A New Measure of Urban Racial Segregation

Blog post by Jennifer Candipan, Nolan E. Phillips, Robert J. Sampson, and Mario Small

11 Feb 2021, 3:52 p.m.
Jennifer Candipan, Nolan E. Phillips, Robert J. Sampson, and Mario Small



Racial residential segregation, the “linchpin of racial stratification,” has been a durable feature of American cities and a focus of much empirical inquiry since the early twentieth century. While research on racial segregation in cities has grown rapidly over the last several decades, its foundation remains the analysis of the neighbourhoods where people reside.                         

Contact between racial groups depends not merely on where people live, however, but also on where they travel over the course of everyday activities. The neighborhoods in which people live are not the sole sites of daily interactions—people work, shop, find entertainment, and participate in multiple activities in different neighbourhoods throughout a city. 

To capture this reality, our study introduces a mobility-based measure of racial segregation—the segregated mobility index (SMI)— which offers a novel perspective on segregation based on the everyday travels of city residents, as well as the structural connectedness of neighbourhoods that these daily flows produce. The dynamic index of segregated mobility that we propose provides new insights into the social organisation of cities beyond residential neighbourhoods. 

Capturing neighbourhood connectedness via movement first requires fine-grained location data on people’s neighbourhood of residence and their travel across neighbourhoods in large U.S. cities, which until recently have been unavailable. A number of data sources, at least in principle, could capture everyday movement, such as from social media posts, cell phone tracking, and largescale surveys that ask about travel activity. Our study relies on publicly available Twitter data in the form of hundreds of millions of geotagged tweets sent by over 375,000 Twitter users in the 50 largest U.S. cities from March 2013 to November 2015.

To measure how people travel through cities, we need to know where they live and which neighbourhoods they visit. To identify home locations, we use a machine learning algorithm to estimate the residential block group for each user. We then observe how users travel throughout the city by tracking where they tweet outside of their home neighbourhood. With this information, we build mobility networks for each city with neighbourhoods as the nodes and the travels of neighbourhoods’ residents between neighbourhoods as the ties.  We aggregate this information to calculate the level of movement between different types of neighbourhoods.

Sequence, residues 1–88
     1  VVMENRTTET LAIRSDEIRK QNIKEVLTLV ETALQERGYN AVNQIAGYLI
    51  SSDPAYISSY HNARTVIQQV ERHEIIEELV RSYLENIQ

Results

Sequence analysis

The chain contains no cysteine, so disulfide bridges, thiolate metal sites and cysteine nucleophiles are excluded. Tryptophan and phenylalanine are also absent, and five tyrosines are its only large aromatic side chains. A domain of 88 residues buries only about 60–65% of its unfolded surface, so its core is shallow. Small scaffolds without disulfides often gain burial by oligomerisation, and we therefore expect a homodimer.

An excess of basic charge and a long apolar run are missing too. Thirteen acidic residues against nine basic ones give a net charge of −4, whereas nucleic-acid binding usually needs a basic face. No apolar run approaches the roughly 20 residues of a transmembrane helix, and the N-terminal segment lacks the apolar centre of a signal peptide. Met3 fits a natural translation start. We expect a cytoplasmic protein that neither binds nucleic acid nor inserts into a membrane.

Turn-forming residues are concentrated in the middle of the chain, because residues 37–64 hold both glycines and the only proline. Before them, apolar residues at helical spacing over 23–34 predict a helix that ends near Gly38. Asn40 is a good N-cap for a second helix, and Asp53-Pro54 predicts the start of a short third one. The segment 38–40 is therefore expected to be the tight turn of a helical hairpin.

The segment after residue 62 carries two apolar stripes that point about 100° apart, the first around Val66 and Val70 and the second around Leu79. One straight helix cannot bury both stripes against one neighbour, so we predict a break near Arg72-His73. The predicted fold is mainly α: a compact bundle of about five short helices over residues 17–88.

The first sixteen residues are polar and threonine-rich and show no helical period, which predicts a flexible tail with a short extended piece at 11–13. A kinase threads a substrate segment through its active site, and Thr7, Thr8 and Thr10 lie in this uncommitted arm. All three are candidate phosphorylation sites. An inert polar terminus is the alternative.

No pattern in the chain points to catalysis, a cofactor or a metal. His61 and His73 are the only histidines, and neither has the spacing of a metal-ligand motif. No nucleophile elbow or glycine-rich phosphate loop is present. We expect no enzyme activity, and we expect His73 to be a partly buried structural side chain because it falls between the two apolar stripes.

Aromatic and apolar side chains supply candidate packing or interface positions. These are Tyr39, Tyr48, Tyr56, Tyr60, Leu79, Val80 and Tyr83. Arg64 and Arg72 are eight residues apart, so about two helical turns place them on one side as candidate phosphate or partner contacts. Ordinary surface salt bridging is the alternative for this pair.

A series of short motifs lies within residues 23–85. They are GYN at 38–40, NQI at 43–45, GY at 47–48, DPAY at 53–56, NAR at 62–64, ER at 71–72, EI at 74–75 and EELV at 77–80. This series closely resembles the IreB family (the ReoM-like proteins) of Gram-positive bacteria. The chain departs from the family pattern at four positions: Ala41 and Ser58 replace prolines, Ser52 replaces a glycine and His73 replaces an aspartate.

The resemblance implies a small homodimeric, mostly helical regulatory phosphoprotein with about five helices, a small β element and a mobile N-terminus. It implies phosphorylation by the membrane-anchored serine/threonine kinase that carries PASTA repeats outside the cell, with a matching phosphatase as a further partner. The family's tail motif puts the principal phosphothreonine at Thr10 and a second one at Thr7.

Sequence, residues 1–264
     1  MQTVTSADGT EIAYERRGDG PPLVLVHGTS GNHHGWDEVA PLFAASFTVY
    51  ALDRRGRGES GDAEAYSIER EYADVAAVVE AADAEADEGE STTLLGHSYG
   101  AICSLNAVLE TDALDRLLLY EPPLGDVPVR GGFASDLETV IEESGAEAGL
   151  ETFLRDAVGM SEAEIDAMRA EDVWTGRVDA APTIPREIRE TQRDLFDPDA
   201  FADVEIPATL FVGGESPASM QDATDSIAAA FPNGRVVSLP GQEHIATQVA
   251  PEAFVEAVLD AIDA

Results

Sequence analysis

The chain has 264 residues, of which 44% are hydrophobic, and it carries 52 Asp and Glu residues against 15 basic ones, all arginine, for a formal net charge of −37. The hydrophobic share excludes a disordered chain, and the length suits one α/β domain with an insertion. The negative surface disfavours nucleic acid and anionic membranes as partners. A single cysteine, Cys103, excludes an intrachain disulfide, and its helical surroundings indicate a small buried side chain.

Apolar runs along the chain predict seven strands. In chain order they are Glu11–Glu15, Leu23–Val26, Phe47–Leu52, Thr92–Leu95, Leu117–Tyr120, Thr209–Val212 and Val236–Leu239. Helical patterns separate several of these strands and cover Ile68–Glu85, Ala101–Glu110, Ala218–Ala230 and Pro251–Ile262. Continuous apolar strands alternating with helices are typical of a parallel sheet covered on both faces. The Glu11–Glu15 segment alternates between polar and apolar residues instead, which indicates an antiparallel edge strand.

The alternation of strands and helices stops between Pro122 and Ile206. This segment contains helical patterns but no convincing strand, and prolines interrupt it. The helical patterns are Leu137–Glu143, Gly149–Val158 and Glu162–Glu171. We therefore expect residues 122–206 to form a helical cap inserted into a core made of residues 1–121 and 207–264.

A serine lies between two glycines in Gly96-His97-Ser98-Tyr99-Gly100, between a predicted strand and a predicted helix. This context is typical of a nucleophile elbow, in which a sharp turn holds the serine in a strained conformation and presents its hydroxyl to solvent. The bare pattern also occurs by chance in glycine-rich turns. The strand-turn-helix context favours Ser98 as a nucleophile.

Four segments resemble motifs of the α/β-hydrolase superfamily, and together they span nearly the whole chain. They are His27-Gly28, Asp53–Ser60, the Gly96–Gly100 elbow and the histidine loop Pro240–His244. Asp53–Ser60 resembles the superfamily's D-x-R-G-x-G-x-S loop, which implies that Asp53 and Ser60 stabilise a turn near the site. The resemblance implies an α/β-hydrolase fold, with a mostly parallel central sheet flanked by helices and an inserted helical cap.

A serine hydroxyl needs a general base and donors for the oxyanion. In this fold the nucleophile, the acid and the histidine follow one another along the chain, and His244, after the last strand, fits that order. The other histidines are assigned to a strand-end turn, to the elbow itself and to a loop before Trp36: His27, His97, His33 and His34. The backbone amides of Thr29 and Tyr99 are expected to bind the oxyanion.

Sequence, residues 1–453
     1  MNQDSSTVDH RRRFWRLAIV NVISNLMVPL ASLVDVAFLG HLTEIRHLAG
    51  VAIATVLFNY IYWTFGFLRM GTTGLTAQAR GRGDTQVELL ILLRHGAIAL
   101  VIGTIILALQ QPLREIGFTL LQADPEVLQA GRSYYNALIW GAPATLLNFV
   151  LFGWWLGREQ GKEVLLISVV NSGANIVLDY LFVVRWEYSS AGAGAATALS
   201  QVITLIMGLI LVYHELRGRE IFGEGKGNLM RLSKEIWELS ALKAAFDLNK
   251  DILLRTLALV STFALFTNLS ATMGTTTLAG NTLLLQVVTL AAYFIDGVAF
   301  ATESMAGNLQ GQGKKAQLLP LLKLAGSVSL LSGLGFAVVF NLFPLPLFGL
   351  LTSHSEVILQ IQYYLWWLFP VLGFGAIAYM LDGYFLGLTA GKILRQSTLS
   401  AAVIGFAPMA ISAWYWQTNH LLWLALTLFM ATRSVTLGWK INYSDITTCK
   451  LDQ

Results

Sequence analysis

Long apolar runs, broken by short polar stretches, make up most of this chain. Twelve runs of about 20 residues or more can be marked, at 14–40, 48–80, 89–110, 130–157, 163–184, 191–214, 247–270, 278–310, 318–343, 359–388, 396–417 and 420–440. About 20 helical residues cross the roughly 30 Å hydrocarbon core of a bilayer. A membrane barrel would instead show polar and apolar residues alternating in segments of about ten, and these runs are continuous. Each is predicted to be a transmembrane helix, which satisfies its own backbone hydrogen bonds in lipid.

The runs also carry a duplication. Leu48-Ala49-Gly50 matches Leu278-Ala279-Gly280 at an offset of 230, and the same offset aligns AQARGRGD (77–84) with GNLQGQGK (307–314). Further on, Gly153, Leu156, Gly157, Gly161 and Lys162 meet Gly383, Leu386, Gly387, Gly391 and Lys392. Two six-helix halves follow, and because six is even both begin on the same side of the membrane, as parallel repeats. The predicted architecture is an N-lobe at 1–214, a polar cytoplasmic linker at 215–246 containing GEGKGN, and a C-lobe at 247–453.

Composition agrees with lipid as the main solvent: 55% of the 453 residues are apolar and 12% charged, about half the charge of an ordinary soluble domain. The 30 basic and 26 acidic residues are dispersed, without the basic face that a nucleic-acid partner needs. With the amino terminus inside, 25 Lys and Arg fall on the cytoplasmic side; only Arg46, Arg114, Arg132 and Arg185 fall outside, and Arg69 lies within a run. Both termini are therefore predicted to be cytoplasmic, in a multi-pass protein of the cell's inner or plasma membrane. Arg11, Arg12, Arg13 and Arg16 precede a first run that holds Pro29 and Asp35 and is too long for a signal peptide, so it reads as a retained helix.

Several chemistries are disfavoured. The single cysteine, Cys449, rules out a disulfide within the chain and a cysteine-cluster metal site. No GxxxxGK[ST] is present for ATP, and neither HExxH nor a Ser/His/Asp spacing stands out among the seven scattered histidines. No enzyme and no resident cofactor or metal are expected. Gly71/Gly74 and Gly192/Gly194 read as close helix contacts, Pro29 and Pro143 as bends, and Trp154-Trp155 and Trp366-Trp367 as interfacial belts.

In our study, the segregated mobility index (SMI) captures the extent to which neighbourhoods of given racial compositions are connected to other types of neighbourhoods in equal measure. The racial segregation of a city becomes the extent to which residents fail to travel to different types of neighbourhoods with varying racial/ethnic compositions, controlling for the racial composition of a city’s neighbourhoods.

We also illustrate, through empirical models, the utility of our measure in capturing a distinct element of racial segregation, one that it is related to, but not solely a function of, residential segregation. We find that a city’s racial composition also matters; minority group threat, especially in cities with large Black populations and a troubled legacy of racial conflict, appears to depress movement across neighbourhoods in ways that produce previously undocumented forms of racial segregation.

Collectively, the results from our study underscore the importance of viewing segregation as multidimensional and dynamic. Spatial inequality in cities permeates through multiple domains, reaching well beyond residential neighbourhoods by shaping residents’ lived experiences.

The SMI, which could be constructed using other data sources, such as cell phone records, expands the possibilities for studying dynamic forms of racial segregation including their effects and shifts over time. While our study categorises neighbourhoods by their majority racial/ethnic composition, future work that uses SMI could also consider different neighbourhood classifications (e.g., via socioeconomic factors). We encourage future research that incorporates SMI and provide detailed methodological guidance in the paper for doing so.


Read the accompanying article on Urban Studies OnlineFirst here.



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